How do you set your output mode to Studio/Direct for headphones like mentioned above ?

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+1 to Sennheiser HD280.  I've been using the same pair over the years with POD XT, X3, HD500, and now Helix.  They work great with guitar or bass. 

 

$100 or cheaper with coupons.  Sure you can spend more or less on a pair of headphones.  I have some cheaper $50 Sony's that sound good with music but bad with Helix.  I haven't tried tried more expensive headphones with Helix, but I suspect there's a diminishing return on investment over the $100 HD280's ;)

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I use a beyerdynamic DT 990 Edition (250 Ohm) with the Helix.

 

The sound is open, it's like you play with cabs. I prefered Open-backs typically cause i ’ll get more spatial sound  than closed backs.

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Actually, if you like listening to music through headphones, and like your guitar to sound like that, you'll like the sound of the Helix through headphones (assuming you dialed it in the way you like it).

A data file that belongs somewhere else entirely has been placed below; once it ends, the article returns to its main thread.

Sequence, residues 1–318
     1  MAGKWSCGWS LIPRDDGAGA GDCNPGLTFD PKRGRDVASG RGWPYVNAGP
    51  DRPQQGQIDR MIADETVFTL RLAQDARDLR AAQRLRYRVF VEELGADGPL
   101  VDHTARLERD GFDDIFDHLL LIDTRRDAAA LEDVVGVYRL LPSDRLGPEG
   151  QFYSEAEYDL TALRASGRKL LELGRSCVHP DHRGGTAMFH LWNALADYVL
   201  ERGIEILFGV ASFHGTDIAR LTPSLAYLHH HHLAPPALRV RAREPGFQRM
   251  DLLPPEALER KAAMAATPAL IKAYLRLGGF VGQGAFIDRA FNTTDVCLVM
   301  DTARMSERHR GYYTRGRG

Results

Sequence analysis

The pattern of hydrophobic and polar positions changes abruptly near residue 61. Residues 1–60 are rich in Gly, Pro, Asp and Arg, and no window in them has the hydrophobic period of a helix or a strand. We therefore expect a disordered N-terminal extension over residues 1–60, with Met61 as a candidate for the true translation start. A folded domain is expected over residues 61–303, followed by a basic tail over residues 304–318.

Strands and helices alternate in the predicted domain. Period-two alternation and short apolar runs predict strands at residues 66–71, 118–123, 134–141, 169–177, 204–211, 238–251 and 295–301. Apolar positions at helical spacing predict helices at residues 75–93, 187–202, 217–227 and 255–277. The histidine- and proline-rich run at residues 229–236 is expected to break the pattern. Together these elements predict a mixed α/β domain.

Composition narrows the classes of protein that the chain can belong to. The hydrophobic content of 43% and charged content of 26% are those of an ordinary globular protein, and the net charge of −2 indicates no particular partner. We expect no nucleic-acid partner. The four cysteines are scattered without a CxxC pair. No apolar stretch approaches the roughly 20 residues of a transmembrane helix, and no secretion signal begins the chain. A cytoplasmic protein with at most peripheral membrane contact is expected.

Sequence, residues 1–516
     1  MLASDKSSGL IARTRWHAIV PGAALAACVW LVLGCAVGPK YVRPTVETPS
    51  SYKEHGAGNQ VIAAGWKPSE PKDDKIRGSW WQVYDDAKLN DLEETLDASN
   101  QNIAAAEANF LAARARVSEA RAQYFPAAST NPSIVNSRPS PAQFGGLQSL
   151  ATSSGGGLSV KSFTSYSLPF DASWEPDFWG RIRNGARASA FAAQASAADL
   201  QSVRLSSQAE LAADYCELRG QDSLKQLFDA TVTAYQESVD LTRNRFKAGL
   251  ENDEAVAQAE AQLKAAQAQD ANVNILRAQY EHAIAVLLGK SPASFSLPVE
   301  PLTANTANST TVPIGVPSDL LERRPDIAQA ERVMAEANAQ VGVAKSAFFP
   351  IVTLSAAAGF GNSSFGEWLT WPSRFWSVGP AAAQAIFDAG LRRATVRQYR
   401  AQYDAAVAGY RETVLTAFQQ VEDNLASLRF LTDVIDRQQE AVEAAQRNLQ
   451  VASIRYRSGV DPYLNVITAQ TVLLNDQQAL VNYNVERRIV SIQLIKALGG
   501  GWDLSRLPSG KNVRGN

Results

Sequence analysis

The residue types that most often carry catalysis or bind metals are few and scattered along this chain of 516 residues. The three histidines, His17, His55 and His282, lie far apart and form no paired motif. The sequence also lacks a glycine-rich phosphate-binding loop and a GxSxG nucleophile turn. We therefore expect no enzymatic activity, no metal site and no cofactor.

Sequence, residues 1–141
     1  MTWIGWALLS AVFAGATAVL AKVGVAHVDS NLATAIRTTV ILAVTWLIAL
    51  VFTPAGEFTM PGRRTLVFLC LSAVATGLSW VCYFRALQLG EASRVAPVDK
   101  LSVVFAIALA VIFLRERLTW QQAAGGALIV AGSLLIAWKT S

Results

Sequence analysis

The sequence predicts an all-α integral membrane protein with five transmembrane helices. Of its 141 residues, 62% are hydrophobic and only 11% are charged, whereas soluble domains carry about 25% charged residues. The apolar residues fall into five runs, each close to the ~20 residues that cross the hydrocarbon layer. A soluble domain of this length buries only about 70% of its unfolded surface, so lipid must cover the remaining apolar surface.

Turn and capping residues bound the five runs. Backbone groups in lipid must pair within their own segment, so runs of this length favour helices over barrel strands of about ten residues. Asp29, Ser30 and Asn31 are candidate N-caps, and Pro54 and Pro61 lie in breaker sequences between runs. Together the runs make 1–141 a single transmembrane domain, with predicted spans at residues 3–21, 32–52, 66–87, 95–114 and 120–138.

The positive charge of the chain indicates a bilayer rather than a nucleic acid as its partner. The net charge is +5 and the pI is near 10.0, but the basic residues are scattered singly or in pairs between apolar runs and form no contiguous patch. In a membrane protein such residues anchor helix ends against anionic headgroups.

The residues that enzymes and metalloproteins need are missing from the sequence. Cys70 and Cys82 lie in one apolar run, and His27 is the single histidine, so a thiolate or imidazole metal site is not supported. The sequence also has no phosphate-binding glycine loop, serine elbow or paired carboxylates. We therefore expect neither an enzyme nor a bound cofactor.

Not sure why anyone needs a ton of low end for guitar tone. I usually highpass at 80-100Hz anyways. Keeps my guitar out of the way of the bass and kick drum.

 

One tip is to add a room reverb to dry presets, at a low mix (15-30%, decay to taste). Dry tones sound weird on headphones because you're not hearing the natural reverb of the room you are in, resulting in a sound which is devoid of a sense of space. A little reverb can "open up" the perceived space to a size that our human ears are used to hearing.

 

Whatever the case, I think anyone here will tell you that listening through headphones at a normal level is definitely better than turning down FRFR speakers to a volume as loud as an unplugged electric guitar to not wake your kids.